All of this is done within the national framework, so if a country--for example, Ghana--has a poverty reduction strategy paper or a national development strategy, our work fits within that national context as well. As Gord said earlier, inevitably as municipal governments in Canada are engaged with partners overseas, the communities in Canada get involved and they work together with the communities in Ghana or in the other countries where we work.
    We've done this for 20 years, as Gord said. We've learned a lot of lessons and there are some lessons we would like to point out to this group.
    First of all, for effective democratic development, for effective governance, one has to work within the system that exists. So as I was describing a few minutes ago, we come in, we're working with national and local partners, we're working within the context of national government programs and strategies, so that it's inside the system. It's also working with the existing institutions, so that we as Canadians are not creating new institutions; we're supporting the strengthening of existing institutions and supporting their capacity to respond to the needs of their community.
    We also believe this kind of work is not fast. It takes time. You have to build relationships, so there are long-term commitments required. When our municipalities get involved in their development work, as I mentioned earlier, it's a two-year cycle, but typically these cycles go several times over. So at the end of two years there's an evaluation process, there's a realigning of that partnership between the two partners, and then they continue. And some of them have continued for 10 or 15 years. It's very much a long-term approach to development.
    What's really fundamental in this, however, is that we are talking about partnerships between practitioners, between sectors. So in some of the development language, one could call it communities of practice related to municipal government. We're bringing the sector of municipal government in Canada to work with the sector of municipal government in Ghana, or Guyana, or wherever it happens to be. It's not just about technical assistance of someone with a particular expertise coming like a consultant to do some work. It's about the municipal government and its community working with that municipal government in that community. These relationships are much more than technical exchanges. They're really about partnerships between Canadian practitioners and overseas practitioners to solve problems that are identified amongst themselves as priorities.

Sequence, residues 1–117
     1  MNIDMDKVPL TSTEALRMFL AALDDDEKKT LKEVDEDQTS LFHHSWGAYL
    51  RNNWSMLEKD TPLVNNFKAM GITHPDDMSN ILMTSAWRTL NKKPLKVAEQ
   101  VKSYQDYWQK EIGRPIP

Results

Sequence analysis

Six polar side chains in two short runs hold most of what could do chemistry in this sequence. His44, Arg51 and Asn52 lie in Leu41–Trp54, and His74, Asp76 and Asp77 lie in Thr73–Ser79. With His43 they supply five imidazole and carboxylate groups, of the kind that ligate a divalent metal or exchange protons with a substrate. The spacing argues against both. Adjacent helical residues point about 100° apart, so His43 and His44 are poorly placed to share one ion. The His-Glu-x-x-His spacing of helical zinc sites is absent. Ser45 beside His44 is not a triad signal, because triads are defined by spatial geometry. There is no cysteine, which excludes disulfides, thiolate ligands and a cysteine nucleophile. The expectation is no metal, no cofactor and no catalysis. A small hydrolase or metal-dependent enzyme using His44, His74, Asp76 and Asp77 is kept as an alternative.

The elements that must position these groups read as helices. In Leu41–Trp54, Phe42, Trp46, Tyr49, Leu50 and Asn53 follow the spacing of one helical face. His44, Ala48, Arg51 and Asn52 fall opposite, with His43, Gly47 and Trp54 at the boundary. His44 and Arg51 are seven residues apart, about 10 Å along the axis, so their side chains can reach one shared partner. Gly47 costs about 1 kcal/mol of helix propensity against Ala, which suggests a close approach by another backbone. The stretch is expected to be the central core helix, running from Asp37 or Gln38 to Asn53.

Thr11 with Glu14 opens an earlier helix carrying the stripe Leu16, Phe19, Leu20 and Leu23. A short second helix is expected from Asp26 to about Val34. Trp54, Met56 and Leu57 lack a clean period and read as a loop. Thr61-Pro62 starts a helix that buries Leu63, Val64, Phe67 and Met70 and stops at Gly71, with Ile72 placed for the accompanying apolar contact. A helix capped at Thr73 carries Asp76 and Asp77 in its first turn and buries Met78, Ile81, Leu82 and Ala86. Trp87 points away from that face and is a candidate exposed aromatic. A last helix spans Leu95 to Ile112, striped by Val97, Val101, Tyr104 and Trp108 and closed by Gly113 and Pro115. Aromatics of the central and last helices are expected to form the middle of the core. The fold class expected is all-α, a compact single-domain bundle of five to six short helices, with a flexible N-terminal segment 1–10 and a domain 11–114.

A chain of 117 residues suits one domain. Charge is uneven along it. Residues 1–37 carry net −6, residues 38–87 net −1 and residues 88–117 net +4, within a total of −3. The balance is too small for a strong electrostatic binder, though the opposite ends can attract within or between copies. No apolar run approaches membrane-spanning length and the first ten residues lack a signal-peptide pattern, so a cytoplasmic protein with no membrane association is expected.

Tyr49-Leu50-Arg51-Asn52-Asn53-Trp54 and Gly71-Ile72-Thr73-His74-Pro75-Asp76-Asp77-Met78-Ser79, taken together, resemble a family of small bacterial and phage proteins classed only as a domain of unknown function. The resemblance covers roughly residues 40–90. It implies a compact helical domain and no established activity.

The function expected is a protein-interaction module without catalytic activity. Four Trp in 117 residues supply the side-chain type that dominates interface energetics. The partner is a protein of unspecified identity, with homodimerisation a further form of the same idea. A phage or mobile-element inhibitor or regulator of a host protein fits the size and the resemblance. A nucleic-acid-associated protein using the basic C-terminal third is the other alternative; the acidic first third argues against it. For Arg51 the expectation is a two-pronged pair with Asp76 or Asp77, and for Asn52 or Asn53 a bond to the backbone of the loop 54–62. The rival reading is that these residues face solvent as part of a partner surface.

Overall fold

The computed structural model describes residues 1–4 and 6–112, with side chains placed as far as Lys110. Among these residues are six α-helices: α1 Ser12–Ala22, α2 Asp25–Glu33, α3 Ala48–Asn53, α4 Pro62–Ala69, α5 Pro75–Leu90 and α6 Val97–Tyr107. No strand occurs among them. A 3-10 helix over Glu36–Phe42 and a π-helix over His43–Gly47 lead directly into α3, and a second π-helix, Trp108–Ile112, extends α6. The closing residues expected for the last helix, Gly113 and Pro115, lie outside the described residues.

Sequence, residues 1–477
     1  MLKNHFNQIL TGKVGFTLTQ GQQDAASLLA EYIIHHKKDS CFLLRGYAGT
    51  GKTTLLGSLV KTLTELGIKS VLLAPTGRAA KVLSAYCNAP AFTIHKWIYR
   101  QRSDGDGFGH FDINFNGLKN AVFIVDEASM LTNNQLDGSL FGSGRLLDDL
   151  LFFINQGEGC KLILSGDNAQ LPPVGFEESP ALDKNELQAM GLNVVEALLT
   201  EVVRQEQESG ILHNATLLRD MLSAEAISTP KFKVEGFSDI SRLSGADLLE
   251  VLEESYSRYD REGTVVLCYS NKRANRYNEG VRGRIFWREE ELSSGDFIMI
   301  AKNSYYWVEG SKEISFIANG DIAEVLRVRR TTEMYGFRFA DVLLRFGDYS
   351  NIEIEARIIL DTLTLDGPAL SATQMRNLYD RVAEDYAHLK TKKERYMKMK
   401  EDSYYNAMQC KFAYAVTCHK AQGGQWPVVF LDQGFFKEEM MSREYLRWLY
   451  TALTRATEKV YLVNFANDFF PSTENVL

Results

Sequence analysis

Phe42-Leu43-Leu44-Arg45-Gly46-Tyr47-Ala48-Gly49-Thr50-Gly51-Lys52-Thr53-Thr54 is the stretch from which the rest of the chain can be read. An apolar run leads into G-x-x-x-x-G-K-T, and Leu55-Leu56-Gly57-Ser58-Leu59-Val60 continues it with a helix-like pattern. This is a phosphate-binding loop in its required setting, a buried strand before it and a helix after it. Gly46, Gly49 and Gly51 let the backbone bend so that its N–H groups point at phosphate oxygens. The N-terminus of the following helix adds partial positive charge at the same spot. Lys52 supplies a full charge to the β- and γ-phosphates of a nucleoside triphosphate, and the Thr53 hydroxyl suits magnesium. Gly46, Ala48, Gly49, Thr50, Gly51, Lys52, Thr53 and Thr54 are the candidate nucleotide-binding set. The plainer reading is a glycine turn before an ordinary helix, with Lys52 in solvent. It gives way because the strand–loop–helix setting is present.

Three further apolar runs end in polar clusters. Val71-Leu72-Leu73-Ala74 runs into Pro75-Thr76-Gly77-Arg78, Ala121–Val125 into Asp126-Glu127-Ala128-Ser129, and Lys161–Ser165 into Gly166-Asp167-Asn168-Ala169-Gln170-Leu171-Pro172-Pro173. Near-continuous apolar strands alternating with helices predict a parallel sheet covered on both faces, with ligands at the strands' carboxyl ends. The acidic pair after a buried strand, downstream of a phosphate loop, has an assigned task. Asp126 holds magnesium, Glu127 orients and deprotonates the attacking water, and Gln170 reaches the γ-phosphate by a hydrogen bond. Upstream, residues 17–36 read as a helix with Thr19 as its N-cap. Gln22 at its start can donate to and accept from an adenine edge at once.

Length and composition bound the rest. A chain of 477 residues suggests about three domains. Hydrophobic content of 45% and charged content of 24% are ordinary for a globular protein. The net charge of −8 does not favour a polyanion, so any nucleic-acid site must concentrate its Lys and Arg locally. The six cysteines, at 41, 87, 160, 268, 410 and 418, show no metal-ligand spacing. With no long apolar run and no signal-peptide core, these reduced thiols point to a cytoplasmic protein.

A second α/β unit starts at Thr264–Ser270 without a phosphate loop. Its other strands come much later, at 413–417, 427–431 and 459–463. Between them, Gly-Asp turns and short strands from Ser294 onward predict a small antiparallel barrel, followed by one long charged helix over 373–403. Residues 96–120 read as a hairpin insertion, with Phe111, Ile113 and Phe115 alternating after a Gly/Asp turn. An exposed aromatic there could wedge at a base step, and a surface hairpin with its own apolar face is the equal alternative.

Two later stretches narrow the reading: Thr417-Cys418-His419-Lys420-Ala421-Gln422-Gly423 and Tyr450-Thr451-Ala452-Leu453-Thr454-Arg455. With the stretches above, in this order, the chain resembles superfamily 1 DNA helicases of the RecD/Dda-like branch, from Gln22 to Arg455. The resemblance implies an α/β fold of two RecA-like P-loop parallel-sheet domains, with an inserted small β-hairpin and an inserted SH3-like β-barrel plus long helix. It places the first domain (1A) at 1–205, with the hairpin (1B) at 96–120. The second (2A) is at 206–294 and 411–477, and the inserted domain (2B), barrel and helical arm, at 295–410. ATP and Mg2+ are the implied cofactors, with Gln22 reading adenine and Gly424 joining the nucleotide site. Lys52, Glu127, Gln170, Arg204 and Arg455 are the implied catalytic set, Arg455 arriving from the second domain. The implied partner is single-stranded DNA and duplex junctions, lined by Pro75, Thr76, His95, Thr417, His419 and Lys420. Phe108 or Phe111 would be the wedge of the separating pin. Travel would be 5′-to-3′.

Another element of this is the peer-to-peer approach. When we are working overseas, we are not bringing development professionals who go to Uganda for two weeks, do a nice report, and then they're on an airplane to some other place for another report. We're bringing the folks who do the work here in Canada, and they're volunteering their time to go and sit down with the folks who do the work in Kampala, or in Nairobi, or anywhere else where we're working. They're the people who really do the work. They are bringing the real Canadian experience. They're not saying, we do it in Canada the way it should be done and you should follow what we do. What they're saying is, we have a certain experience and we in Canada have come to a certain place in our development because of that experience, and because it's so practical, we can work through and help solve your problems in your context in the way that makes sense in your community. It's very much a practitioner-based approach.
    It also very much stimulates a collaborative learning experience. In the networks that Gord was referring to earlier, the United Cities and Local Governments and the Commonwealth Local Government Forum, etc., there are a lot of venues for this global sharing of learning and exchange that creates the mutual benefits that are so important in this kind of partnership.
    In closing, Mr. Chair, we're suggesting four recommendations for this committee to consider.
    One, there needs to be recognition that sub-national groups, municipal governments in our particular case, are really important in democratic development. Democratic development isn't just about parliaments and legal frameworks at a national level; it's about the system and local governance, and municipal governments that are an important part of that system.
    The second recommendation is that we think it's important that the programming done through the Government of Canada via CIDA empowers Canadians to be involved in this work, so that Canadian municipal governments or Canadian practitioners in democracy can be working with their colleagues overseas in very practical ways. This is really important.
    The third thing we think is important is that not only is it necessary to engage Canadian organizations in what happens overseas, but we think CIDA and other departments of the Government of Canada that work internationally need to be ready to engage Canadian organizations like FCM in some of their thinking and strategies and policy development about Canadian positions on these issues with respect to overseas development and other Canadian interests. FCM and other organizations have something to contribute to the Canadian debate about Canadian positions on these issues.